NEW YORK TIMES
NEW YORK, NEW YORK
By Clayton MacLean
Today in the UN Security Council, France and the United States stand at odds on the issue of drones. France, when interviewed by a reporter from the New York Times, said they were “working on a paper that would limit the type and size of munitions flown by unarmed aerial vehicles”. Their hope at the time of writing was that a future resolution would guarantee that instead of “the current type of munitions used by the US, [that is to say, such as] high explosive fragmentation munitions that destroy a wide area, to restrict it to high-precision low-yield blast weapons.” France is collaborating in informal sessions on this set of ideas along with Spain, Angola, Venezuela, and Malaysia.
The pro-drone position of the American government on the issue has already been revealed in a New York Times article about this conference, “Tensions Simmer Beneath Surface of Security Council”, published January 6, 2017. More surprising is the friendly attitude of the American delegation towards Russia – currently accused by the American intelligence community of hacking into Democratic Party databases so as to ensure that the Republican, Donald Trump, won the recent American election. Inspired by the words of this conference’s keynote speaker, the American representative explained, we are cooperating on issues of global importance.”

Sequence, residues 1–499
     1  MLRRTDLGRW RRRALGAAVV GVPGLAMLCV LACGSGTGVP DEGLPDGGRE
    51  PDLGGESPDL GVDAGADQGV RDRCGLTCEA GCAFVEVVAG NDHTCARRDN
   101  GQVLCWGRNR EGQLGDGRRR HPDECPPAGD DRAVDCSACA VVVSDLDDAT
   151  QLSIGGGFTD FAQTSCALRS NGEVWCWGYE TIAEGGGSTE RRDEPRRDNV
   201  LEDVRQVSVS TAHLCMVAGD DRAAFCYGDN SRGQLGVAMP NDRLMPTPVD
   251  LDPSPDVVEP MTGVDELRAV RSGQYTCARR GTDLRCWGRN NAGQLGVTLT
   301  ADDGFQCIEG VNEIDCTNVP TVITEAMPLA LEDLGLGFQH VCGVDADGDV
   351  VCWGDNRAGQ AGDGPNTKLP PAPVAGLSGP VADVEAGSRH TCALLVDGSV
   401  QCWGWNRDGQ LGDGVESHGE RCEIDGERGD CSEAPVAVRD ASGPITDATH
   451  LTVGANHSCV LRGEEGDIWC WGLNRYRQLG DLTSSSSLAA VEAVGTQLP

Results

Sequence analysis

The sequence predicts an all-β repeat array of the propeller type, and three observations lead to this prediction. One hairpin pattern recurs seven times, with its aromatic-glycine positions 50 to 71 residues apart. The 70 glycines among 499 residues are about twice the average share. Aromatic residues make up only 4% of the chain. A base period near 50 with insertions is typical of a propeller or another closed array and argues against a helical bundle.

While France is a member of NATO along with the United States, it has historically been an uneasy member of the alliance. Former French President Charles de Gaulle withdrew France from NATO in 1966, and thus France’s current actions – while out of step with those of their American ally – are not unprecedented. Recently-leaked documents reveal that the French government intends to sortie its aircraft carrier, named Charles de Gaulle after the former president, into the Mediterranean. Since France may be preparing to undertake unilateral action in response to the recent actions of Chechen terrorists, one wonders whether the drone question – along with increased Russo-American cooperation – will throw the ability of the Western alliance to cooperate into question.